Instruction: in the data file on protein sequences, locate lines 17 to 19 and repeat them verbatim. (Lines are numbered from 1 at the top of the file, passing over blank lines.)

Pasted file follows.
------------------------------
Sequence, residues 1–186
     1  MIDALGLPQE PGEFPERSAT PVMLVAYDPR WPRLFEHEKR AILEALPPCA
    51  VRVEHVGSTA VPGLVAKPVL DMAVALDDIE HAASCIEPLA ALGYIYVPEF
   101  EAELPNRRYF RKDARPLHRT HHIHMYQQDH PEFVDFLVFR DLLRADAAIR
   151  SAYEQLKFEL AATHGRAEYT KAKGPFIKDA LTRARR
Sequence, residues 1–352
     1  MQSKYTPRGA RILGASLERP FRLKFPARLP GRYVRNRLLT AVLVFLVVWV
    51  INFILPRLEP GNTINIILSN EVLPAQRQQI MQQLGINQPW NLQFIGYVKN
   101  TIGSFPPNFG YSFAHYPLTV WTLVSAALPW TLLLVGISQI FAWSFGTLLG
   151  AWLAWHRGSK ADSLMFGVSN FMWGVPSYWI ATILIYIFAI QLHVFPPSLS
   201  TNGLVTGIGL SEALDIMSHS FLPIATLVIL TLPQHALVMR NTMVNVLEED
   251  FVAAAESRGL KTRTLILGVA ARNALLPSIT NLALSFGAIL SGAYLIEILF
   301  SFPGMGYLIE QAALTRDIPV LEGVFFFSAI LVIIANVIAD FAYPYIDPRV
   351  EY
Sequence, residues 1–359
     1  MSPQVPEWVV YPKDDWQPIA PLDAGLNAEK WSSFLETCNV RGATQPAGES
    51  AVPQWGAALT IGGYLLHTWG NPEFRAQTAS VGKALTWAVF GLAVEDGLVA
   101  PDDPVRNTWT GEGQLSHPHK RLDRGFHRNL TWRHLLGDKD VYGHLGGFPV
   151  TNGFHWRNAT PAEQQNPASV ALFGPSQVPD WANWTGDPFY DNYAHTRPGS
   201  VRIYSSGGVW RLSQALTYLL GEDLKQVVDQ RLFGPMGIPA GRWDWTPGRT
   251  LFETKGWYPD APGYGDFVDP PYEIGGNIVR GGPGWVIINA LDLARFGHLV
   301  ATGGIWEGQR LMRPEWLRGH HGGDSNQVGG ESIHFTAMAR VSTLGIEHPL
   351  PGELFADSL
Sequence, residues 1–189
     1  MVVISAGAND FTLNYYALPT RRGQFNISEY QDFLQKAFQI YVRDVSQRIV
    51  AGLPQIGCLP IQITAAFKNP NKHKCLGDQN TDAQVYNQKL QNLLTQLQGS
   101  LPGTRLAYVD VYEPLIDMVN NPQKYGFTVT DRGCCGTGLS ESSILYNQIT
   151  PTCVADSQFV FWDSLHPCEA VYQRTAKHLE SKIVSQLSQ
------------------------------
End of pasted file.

    51  AVPQWGAALT IGGYLLHTWG NPEFRAQTAS VGKALTWAVF GLAVEDGLVA
   101  PDDPVRNTWT GEGQLSHPHK RLDRGFHRNL TWRHLLGDKD VYGHLGGFPV
   151  TNGFHWRNAT PAEQQNPASV ALFGPSQVPD WANWTGDPFY DNYAHTRPGS